[Frontiers in Bioscience 17, 2396-2418, June 1, 2012]

The effects of dietary flavonoids on the regulation of redox inflammatory networks

Valerio Izzi1, Laura Masuelli2, Ilaria Tresoldi3, Pamela Sacchetti2, Andrea Modesti1, Fabio Galvano4, Roberto Bei1

1Department of Experimental Medicine and Biochemical Sciences, University of Rome Tor Vergata, Rome, Italy, 2Department of Experimental Medicine, University of Rome Sapienza, Rome, Italy, 3Department of Public Health and Cell Biology, University of Rome Tor Vergata, Rome, Italy, 4Department of Drug Science, University of Catania, Catania, Italy


1. Abstract
2. Introduction
3. The biogenesis of reactive oxygen and nitrogen species
3.1. Reactive oxygen species (ROS)
3.2. Reactive nitrogen species (RNS)
4. ROS and RNS as immune effectors in host defense
5. ROS, RNS and redox-sensitive pathways in inflammation
6. Dietary flavonoids
7. Dietary flavonoids as ROS/RNS scavengers and inhibitors
8. Effects of dietary flavonoids on cytokines and inflammation
9. Ongoing clinical trials
10. Perspective
11. Acknowledgements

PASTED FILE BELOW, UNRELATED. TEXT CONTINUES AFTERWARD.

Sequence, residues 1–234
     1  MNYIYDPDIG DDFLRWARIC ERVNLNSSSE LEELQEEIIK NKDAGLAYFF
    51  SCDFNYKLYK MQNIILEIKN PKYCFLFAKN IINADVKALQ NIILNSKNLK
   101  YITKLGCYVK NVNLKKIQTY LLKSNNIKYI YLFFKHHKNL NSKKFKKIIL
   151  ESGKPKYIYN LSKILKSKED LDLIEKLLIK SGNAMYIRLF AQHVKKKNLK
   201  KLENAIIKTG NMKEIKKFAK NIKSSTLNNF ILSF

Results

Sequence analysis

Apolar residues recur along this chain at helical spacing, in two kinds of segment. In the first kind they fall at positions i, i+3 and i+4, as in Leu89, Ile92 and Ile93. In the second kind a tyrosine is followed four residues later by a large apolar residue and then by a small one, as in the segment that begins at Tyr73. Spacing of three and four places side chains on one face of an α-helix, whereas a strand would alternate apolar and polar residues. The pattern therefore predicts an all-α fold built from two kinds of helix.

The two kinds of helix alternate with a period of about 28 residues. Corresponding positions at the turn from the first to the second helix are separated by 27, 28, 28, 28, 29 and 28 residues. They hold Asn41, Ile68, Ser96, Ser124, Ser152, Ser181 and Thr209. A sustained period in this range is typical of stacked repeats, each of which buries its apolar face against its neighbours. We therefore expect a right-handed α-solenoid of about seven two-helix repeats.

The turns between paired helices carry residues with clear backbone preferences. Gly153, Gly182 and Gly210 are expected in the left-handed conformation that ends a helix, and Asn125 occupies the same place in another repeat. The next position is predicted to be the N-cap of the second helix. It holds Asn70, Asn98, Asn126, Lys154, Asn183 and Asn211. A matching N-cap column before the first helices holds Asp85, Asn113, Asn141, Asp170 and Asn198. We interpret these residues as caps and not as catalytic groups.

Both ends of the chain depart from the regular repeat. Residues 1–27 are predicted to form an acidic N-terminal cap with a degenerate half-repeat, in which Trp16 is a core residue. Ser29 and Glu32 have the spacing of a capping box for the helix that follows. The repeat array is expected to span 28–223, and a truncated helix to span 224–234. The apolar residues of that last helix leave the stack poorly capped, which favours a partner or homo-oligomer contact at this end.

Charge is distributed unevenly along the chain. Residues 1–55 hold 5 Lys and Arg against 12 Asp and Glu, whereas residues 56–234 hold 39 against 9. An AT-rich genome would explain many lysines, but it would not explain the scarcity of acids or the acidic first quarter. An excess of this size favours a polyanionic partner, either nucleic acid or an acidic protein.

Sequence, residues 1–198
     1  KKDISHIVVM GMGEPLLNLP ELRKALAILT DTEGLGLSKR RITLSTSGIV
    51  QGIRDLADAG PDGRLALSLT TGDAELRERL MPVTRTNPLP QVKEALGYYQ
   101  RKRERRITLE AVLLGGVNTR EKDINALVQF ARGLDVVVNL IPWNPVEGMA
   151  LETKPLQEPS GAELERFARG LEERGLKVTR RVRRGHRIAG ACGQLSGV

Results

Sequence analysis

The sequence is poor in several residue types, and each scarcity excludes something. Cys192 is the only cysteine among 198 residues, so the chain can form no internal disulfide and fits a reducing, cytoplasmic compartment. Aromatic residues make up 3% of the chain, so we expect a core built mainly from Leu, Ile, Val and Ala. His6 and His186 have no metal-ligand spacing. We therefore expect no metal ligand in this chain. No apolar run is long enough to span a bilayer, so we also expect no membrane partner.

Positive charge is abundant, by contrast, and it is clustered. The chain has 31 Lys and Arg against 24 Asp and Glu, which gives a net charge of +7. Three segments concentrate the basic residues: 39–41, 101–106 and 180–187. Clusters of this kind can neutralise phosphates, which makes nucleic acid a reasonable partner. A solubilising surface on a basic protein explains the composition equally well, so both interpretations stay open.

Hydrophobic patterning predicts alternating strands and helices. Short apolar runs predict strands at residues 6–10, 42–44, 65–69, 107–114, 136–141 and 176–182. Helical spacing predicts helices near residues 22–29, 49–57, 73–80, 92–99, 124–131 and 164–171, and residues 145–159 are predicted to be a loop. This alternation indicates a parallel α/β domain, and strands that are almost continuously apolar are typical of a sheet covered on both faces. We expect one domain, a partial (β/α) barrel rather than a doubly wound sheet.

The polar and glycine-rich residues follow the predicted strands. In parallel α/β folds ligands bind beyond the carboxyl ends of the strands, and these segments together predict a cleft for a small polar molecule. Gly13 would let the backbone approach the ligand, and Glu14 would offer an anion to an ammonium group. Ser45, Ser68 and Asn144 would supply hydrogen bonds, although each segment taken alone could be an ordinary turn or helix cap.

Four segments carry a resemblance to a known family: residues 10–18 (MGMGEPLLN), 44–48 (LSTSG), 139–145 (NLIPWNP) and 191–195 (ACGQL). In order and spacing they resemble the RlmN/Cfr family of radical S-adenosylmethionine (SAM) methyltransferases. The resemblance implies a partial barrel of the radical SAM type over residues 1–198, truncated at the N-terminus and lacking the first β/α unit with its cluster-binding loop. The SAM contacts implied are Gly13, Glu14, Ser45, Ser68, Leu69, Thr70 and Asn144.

12. References


Dietary flavonoids are a large family of polyphenols ubiquitously expressed in plants. Recent evidence show that flavonoids possess several anti-inflammatory activities due to their ability to scavenge reactive oxygen and nitrogen species (ROS and RNS), to inhibit the pro-inflammatory activity of ROS-generating enzymes including cyclooxygenase (COX), lipoxygenase (LOX) and inducible nitric oxide synthase (iNOS) and to modulate different intracellular signaling pathways from NF-kB to mitogen-activated protein kinases (MAPKs) through perturbation of redox-sensible networks in immune cells. This report will review current knowledge on the anti-inflammatory effects of flavonoids on immune cells focusing on their ability to modulate multiple redox-sensible pathways involved in inflammation.